Home|Journals|Articles by Year Follow on Twitter| Subscribe to List

Directory for Medical Articles

Open Access

Short Communication

Diversity and prevalence of parasitic infestation with zoonotic potential in dromedary camel (Camelus dromedarius) and fat-tailed sheep (dhumba) in Bangladesh

Ariful Islam, Shariful Islam, Jinnat Ferdous, Md Kaisar Rahman, Md Helal Uddin, Sazeda Akter, Md Hafizar Rahman, Mohammad Mahmudul Hassan.

Objective: Parasitic infestation is a major cause of losses in livestock production in tropical regions. A cross-sectional study was conducted to determine the prevalence of Gastro-intestinal (GI) parasites of dromedary camel (Camelus dromedarius) and fat-tailed sheep (dhumba), and the prevalence of hemoparasites in camel from Dhaka, Bangladesh.
Materials and Methods: A total of 87 fecal samples (32 dhumba and 55 camel) and 55 camel blood samples were collected during September–October 2015. Fecal samples were examined by direct smear, sedimentation method, flotation technique, and McMaster technique for GI parasite. Giemsa stained blood smears were examined under microscope for hemoparasite detection.
Results: 62% camel (n = 34; 95% confidence interval (CI): 47.7–74.6) were infected with at least one genus of parasite. 15% camel were harboring more than one genus of parasite. The prevalence of GI parasite and hemoparasite in camel were recorded as Trichuris spp. (n = 16; 29%; 95% CI: 17.6–42.9), Balantidium coli (n = 12; 22%; 95% CI: 11.8–35.0), Trichostrongylus spp. (n = 7; 13%; 95% CI: 5.3–24.5), Strongyloides spp. (n = 5; 9%; 95% CI: 3.0–20.0), Anaplasma spp. (n = 5; 9%; 95% CI: 3.02–20.0), Paragonimus spp. (n = 1; 2%; 95% CI: 0.05–9.7), Schistosoma spp. (n = 1; 2%; 95% CI: 0.05–9.7), Hymenolepis spp. (n = 1; 2%; 95% CI: 0.05–9.7), Moniezia spp. (n = 1; 2%; 95% CI: 0.05–9.7), and Babesia spp. (n = 1; 2%; 95% CI: 0.05–9.7). Mean EPG feces of camel was 291.76 ± 42.03 with a range of 0–1,400. Total 59.4% dhumba (n = 19; 95% CI: 41–76) were positive for GI parasite, including Trichostrongylus spp. (n = 10; 31.3%; 95% CI: 16.1–50), Strongyloides spp. (n = 9; 28%; 95% CI: 13.8–46.8), B. coli(n = 5; 15.6%; 95% CI: 5.3–32.8), and Trichuris spp. (n = 4; 12.5%; 95% CI: 3.5–28.9).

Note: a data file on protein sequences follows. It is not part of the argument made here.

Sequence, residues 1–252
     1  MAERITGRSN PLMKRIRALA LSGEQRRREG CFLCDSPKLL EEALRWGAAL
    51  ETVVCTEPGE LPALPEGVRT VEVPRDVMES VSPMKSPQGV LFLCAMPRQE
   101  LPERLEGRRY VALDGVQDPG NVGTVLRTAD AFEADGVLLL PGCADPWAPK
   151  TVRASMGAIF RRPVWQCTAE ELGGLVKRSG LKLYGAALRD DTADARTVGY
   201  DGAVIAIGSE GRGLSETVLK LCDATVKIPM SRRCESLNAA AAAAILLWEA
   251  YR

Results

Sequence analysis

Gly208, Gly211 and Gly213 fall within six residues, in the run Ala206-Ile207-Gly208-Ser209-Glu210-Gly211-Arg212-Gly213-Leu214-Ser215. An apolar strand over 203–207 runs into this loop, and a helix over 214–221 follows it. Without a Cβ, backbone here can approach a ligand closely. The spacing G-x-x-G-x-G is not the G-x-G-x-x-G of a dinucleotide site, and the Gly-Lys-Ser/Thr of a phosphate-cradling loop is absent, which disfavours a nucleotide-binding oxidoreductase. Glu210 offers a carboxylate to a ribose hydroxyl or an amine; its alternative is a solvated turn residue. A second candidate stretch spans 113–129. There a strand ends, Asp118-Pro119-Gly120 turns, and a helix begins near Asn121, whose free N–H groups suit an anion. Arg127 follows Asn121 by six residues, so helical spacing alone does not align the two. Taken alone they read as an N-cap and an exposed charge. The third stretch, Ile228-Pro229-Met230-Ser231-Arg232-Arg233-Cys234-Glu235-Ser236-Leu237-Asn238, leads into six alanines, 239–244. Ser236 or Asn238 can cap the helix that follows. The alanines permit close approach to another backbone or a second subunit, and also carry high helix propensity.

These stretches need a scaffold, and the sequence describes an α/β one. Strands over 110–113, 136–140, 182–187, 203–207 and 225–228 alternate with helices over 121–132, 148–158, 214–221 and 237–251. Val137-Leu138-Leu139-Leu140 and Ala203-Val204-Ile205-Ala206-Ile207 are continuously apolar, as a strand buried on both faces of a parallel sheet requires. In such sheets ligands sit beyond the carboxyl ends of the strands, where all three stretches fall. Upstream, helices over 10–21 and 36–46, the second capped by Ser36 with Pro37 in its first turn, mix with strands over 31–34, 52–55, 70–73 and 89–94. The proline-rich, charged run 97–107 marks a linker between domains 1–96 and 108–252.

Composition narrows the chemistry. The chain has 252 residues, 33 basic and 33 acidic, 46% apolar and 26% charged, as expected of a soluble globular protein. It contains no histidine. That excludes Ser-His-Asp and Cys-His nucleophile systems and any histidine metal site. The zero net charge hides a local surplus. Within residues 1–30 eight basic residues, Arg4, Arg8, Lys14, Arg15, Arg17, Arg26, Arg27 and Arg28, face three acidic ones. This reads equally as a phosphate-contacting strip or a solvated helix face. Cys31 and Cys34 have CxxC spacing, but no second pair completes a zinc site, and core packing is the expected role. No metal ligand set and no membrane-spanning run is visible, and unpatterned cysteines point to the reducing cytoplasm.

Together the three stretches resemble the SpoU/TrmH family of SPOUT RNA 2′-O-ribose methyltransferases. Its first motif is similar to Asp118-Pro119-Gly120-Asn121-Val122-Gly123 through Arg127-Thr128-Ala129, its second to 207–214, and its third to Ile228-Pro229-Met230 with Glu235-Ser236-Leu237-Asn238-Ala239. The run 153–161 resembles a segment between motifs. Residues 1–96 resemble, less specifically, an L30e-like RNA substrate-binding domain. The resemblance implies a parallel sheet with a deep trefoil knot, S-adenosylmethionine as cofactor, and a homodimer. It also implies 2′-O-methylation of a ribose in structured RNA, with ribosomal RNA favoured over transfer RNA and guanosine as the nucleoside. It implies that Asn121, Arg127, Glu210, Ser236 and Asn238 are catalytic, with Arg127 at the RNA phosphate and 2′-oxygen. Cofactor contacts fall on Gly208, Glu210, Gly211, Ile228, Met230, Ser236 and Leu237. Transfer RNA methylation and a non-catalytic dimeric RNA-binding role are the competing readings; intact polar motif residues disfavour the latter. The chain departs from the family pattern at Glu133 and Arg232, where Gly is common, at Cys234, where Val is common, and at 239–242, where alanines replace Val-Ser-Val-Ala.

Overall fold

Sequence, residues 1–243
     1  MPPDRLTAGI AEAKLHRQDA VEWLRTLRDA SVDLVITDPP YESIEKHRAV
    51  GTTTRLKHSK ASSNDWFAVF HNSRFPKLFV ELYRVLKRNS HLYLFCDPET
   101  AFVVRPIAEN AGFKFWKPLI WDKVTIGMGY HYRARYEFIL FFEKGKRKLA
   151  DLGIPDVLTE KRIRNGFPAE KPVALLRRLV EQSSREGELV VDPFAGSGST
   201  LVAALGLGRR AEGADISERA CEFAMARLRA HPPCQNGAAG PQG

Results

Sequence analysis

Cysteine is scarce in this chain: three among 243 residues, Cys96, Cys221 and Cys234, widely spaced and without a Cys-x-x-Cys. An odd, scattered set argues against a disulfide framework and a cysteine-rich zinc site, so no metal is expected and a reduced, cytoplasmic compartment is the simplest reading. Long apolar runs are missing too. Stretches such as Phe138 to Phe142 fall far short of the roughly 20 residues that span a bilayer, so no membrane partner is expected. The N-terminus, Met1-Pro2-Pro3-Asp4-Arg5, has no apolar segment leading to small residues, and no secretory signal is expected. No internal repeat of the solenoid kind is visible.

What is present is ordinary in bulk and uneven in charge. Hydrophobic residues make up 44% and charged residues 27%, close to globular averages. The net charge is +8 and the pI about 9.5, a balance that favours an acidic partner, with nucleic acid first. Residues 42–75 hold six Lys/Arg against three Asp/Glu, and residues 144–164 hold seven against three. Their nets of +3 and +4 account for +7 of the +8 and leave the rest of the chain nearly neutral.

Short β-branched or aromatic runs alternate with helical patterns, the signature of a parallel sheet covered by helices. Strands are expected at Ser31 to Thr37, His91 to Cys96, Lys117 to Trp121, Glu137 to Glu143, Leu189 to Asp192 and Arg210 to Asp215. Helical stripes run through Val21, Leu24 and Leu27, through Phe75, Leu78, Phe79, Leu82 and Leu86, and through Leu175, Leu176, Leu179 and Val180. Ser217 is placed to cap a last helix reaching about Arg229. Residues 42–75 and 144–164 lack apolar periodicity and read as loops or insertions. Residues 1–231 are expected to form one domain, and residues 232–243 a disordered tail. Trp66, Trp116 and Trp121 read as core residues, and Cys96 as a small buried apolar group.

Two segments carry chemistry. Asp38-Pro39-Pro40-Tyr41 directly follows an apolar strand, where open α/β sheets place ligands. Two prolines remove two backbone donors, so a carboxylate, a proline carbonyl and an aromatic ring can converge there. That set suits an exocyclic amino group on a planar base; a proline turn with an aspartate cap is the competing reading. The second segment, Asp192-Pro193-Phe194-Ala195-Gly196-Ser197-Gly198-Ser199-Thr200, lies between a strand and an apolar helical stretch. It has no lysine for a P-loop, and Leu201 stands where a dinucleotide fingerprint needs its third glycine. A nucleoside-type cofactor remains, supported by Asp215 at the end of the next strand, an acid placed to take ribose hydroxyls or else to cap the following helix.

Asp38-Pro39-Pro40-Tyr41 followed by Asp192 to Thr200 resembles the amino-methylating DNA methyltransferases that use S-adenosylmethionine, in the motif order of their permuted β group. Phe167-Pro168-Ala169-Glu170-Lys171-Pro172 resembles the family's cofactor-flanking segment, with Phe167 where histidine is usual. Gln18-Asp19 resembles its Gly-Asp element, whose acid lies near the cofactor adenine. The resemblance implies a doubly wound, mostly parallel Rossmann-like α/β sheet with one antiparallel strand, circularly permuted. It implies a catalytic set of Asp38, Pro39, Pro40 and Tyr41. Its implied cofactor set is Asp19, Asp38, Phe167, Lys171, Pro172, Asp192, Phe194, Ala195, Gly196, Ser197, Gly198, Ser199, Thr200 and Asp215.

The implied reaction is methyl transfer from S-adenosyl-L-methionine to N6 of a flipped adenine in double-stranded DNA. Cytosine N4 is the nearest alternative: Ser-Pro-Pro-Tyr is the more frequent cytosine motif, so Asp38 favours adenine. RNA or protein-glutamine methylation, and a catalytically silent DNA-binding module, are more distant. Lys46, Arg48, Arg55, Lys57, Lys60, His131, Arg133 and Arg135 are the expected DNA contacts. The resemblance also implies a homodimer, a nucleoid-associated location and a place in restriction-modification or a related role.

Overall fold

Conclusions: High percentage of parasitic infestation in camel and dhumba in the present study refers to the necessity of use of anthelmintic for health and production improvement and to prevent zoonotic parasite transmission to animal handler and workers.

Key words: Bangladesh; Dromedary camel; Fat-tailed sheep; gastro-intestinal parasite; hemoparasites

Full-text options

Full-text Article

Journal of Complementary Medicine Research


BiblioMed Home
Follow ScopeMed on Twitter
Author Tools
eJPort Journal Hosting
About BiblioMed
License Information
Terms & Conditions
Privacy Policy
Contact Us

The articles in Bibliomed are open access articles licensed under the terms of the Creative Commons Attribution-NonCommercial-ShareAlike 4.0 International License (https://creativecommons.org/licenses/by-nc-sa/4.0/) which permits unrestricted, non-commercial use, distribution and reproduction in any medium, provided the work is properly cited.
ScopeMed is a Database Service for Scientific Publications. Copyright © ScopeMed® Information Services.